Reserve Bank cuts repo rate

The SA Reserve Bank's monetary policy committee has unanimously voted to reduce the repo rate from 6.5% to 6.25%. As a result of the cut the prime rate will fall to 9.75%. 

The repo rate is the benchmark interest rate at which the Reserve Bank lends money to other banks. Before Thursday, the last time the bank changed the rate was in July 2019, when it was cut by 25 basis points to 6.5%. The rate stayed unchanged at 6.5% at the MPC's two previous meetings in September and in November.

The announcement that the rate would drop by 25 basis points was made by the central bank's governor Lesetja Kganyago in Pretoria on Thursday afternoon. Kganyago said the decision was unanimous. 

The governor painted a bleak picture about the state of SA's struggling economy. He said electricity supply constraints would keep economic activity muted, while business confidence remained weak.  

The bank now estimates that SA's GDP will only expand by 0.4% in 2019. GDP outlooks for 2020 and 2021 were also downgraded to 1.2% and 1.6%.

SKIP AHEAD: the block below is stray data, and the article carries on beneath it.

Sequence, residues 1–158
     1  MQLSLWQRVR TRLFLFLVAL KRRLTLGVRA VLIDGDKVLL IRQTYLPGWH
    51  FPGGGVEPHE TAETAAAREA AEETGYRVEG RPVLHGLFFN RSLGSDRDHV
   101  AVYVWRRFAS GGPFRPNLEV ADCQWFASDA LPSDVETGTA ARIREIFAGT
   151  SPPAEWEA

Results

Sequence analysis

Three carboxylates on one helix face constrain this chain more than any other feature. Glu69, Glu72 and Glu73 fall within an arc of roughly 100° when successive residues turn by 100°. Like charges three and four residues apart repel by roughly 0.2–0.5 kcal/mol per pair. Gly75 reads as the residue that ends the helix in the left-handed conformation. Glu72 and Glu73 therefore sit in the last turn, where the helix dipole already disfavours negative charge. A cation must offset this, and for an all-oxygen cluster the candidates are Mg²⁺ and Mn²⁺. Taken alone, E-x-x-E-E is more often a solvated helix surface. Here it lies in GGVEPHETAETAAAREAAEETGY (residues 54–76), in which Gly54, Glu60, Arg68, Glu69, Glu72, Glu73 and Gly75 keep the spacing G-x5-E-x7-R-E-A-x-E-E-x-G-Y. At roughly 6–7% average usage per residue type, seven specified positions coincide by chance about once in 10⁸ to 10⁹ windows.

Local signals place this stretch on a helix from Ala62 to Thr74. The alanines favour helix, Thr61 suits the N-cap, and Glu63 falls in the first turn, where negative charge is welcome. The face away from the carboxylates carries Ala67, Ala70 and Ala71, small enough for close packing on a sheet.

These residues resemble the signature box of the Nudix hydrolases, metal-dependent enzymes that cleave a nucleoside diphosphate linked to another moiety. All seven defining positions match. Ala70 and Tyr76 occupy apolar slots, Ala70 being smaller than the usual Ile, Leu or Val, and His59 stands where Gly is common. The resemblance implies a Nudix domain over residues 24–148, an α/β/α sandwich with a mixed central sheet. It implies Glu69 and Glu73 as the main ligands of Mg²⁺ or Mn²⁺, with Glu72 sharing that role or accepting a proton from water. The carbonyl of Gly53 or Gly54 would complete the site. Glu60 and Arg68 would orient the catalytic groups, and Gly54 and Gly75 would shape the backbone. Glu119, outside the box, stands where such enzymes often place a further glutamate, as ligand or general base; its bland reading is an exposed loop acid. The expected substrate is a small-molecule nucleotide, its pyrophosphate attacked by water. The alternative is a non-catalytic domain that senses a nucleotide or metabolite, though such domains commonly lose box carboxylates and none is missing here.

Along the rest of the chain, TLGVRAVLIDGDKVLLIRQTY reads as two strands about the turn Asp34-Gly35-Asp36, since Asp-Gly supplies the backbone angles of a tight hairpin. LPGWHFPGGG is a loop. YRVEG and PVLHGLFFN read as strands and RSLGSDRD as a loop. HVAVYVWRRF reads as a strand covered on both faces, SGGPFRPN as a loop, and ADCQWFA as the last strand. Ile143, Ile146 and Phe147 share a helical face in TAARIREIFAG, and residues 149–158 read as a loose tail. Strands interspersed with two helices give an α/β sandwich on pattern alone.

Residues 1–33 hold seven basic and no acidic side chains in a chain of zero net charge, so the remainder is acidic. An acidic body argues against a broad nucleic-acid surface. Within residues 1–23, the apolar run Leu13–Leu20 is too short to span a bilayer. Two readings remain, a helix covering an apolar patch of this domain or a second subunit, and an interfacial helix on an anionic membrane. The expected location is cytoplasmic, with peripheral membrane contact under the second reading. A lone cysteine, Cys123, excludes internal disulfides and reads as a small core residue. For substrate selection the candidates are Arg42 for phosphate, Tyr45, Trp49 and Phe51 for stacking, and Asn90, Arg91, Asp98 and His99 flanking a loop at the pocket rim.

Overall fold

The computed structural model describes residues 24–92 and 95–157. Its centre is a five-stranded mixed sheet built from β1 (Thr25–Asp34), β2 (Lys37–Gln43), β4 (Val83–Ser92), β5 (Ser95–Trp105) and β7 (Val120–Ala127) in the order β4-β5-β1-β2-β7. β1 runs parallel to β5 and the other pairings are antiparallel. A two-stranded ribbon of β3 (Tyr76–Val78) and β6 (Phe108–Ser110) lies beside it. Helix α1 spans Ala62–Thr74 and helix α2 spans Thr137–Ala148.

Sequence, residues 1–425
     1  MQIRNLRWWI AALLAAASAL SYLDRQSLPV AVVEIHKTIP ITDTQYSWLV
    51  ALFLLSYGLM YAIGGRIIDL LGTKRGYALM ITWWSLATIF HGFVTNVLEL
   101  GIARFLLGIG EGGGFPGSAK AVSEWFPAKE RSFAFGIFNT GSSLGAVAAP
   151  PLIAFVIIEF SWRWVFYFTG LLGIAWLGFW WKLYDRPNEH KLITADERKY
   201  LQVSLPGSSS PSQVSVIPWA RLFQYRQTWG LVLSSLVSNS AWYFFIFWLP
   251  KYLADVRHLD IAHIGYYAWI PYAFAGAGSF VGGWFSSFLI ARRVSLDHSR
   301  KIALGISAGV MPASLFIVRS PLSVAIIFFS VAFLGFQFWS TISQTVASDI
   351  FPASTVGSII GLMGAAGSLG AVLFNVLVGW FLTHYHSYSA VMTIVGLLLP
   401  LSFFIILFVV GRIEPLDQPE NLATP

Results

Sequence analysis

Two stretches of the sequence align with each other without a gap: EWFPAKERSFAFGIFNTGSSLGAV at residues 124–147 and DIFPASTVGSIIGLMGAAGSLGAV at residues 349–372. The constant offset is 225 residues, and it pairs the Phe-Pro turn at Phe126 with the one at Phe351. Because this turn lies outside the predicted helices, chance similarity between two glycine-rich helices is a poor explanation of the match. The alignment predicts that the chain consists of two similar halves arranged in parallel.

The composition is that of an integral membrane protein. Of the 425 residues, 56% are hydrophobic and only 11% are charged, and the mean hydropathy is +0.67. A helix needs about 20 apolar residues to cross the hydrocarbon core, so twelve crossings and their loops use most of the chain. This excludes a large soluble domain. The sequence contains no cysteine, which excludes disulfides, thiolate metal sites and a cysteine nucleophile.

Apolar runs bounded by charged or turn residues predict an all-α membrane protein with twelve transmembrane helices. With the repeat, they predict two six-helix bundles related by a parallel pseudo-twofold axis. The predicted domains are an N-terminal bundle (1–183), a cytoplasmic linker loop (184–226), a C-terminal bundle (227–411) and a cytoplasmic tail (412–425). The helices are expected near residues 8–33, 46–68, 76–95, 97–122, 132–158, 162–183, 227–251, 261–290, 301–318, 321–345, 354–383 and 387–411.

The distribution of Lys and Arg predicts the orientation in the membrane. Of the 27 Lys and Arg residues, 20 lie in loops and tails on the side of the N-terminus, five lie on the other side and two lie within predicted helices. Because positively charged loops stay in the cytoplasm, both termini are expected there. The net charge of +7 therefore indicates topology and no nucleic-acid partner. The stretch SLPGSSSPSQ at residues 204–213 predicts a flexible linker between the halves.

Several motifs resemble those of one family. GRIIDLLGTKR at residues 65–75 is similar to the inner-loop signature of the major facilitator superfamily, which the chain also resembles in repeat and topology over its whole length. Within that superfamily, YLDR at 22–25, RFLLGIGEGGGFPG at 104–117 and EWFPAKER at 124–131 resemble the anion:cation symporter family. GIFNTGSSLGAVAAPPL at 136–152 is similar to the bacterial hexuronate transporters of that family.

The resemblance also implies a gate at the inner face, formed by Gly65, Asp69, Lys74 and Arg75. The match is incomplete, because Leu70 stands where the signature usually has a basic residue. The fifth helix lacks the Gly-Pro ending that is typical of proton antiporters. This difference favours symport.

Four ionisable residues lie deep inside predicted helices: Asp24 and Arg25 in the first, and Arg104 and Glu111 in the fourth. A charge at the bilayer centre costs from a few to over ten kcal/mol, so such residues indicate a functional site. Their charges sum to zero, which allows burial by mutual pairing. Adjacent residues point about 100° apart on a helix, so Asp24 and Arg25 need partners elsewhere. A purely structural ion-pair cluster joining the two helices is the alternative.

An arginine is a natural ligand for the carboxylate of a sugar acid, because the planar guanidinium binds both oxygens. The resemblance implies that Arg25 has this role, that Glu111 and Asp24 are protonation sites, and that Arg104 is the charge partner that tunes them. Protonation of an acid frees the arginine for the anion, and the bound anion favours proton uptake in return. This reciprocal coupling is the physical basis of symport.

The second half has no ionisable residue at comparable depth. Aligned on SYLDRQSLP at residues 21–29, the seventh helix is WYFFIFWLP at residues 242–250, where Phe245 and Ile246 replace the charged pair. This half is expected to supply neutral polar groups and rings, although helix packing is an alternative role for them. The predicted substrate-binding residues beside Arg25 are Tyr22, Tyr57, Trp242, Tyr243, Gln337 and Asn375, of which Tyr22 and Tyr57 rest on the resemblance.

Ahead of the announcement on Thursday, some analysts had predicted that the rate would remain unchanged at 6.5%.  The decision was "not as the market expected," said TreasuryONE in a note to clients. 

ZAR/USD
17.14
(-1.45)
ZAR/GBP
21.79
(-0.95)
ZAR/EUR
19.94
(-0.99)
ZAR/AUD
12.04
(-0.88)
ZAR/JPY
0.16
(-1.20)
Gold
1860.32
(-0.35)
Silver
22.95
(-1.01)
Platinum
840.00
(-0.51)
Brent Crude
42.26
(+0.47)
Palladium
2196.84
(-0.50)
All Share
53233.42
(-1.87)
Top 40
49215.35
(-1.82)
Financial 15
9414.69
(-1.81)
Industrial 25
72355.50
(-2.52)
Resource 10
53042.54
(-0.87)
All JSE data delayed by at least 15 minutes morningstar logo
Company Snapshot
Voting Booth
Do you think it was a good idea for the government to approach the IMF for a $4.3 billion loan to fight Covid-19?
Please select an option Oops! Something went wrong, please try again later.
Results
Yes. We need the money.
11% - 1364 votes
It depends on how the funds are used.
73% - 8839 votes
No. We should have gotten the loan elsewhere.
16% - 1953 votes
Vote